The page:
Session Type: Abstract Submissions (ACR)
Inability to distinguish between infection and the inflammatory response related to SLE disease activity using clinical judgment often compromises timely and effective treatment. Gene expression profiling of circulating leukocytes has been used to differentiate between malignancy subtypes and between sepsis and sterile inflammation. The “IFN signature” in SLE has been linked to disease pathogenesis and disease activity. A biomarker that precisely and rapidly distinguishes between active disease and infection would allow for more directed therapy, resulting in improved outcomes. RNA microarray analysis of peripheral blood leukocytes in acutely ill SLE patients was used to identify gene expression profiles that distinguish the host response to infection from inflammation related to active disease.
37 SLE patients with suspected infection or active SLE were recruited from 3 centers in New York, Mexico and the Philippines. Subjects were excluded for pregnancy, a history of infection with Hepatitis B, C, HIV or if treatment had been initiated for the current illness. Whole blood was collected in Tempus™ Blood RNA Tubes and disease activity (SELENA SLEDAI) was measured at the time of enrollment. Infection determination was based on results of cultures, viral antibodies or PCR analyses. Microarray analyses were performed on the Illumina HT12v4 platform. Gene expression data were grouped using a modular analysis framework for blood genomics that has been applied to SLE previously (Immunity.2008; 29:150). Clinical characteristics were summarized using appropriate descriptive statistics with correction for multiple comparisons. Statistical significance for microarray modules was determined using a hypergeometric test.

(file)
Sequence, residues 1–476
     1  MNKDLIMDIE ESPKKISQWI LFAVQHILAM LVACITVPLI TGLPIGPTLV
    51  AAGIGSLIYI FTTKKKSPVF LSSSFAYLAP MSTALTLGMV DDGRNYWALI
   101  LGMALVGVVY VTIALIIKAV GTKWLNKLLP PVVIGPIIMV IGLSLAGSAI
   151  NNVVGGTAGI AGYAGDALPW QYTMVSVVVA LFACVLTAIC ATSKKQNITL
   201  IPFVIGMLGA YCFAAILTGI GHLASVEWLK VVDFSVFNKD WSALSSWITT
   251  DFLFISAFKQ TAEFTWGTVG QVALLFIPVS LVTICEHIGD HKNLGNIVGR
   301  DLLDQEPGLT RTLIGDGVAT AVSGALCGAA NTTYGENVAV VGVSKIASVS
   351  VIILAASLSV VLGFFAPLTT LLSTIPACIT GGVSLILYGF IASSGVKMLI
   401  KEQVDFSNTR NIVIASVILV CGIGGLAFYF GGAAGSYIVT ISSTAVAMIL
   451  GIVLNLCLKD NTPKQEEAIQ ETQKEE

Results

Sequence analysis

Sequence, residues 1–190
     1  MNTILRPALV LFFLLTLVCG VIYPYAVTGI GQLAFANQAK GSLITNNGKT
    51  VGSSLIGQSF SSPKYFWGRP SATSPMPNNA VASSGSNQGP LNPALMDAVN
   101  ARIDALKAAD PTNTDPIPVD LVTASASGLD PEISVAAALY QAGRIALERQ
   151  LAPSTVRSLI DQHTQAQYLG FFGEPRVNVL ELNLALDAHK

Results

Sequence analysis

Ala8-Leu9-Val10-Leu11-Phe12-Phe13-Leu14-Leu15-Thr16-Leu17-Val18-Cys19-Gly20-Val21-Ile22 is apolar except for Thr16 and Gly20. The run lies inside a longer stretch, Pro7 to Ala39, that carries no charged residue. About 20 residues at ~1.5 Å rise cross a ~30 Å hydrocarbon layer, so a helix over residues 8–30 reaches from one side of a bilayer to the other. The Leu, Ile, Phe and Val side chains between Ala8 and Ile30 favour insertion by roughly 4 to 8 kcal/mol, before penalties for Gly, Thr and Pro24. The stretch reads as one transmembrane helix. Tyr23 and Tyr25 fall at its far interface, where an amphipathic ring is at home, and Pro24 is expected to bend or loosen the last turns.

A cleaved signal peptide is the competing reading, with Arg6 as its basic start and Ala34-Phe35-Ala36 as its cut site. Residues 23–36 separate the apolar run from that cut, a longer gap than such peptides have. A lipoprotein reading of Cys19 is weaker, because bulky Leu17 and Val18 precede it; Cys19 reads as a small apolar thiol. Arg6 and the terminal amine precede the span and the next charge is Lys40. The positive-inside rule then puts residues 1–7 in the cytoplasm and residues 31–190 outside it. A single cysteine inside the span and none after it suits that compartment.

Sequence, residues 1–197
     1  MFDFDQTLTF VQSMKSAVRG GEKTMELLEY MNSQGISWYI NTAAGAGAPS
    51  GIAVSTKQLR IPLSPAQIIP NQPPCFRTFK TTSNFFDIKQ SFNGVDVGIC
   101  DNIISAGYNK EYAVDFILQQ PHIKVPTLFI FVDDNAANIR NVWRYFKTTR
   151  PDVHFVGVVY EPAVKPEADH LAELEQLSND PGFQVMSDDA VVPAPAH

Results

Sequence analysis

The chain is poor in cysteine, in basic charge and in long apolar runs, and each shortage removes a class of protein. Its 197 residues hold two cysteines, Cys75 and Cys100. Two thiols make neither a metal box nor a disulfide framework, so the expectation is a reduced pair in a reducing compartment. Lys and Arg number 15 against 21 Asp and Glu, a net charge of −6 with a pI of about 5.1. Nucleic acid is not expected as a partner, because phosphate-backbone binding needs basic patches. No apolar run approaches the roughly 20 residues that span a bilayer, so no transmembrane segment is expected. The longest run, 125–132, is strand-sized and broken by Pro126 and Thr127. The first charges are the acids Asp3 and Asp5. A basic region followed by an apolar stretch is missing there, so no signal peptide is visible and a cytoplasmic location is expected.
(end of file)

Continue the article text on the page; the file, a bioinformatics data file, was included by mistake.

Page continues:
31 subjects had adequate RNA for analysis; 19 met criteria for infection and subjects were grouped as either infection or flare as the cause of acute illness. There were no significant group differences in age, disease duration, ethnicity, co-morbid states, history of prior CNS or renal disease or current medication use. Presence of low serum complement or high anti-dsDNA antibody titers did not distinguish between groups, however, SLEDAI scores were significantly higher with disease activity (p=0.002). Flare subjects exhibited significant over expression of genes encoding immunoglobulin chains and CD38 (plasma cell module; p=0.001) and IFN inducible genes (p<.000). Subjects with infection demonstrated significant over expression of genes encoding molecules expressed by cells of myeloid lineage (p=0.018) and molecules inducible by or inducing inflammation (inflammation II module; p=.012).
We have identified gene expression signatures that associate significantly with either infection or disease activity. Not surprisingly, genes over expressed in flare are those associated with plasma cells or are IFN inducible. Genes expressed in response to infection encode molecules such as FcγRIIA, CD86, CD163 and others associated with pattern recognition such as CD14, TLR2, MYD88, TNFR2 and BAFF. While SLEDAI scores correlate with disease activity, identification of a “sepsis signature” provides a more objective and reliable premise for treatment.
J. J. Lichuaco,
P. K. Gregersen,
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ACR Meeting Abstracts - https://acrabstracts.org/abstract/molecular-signatures-in-sle-flare-vs-infection/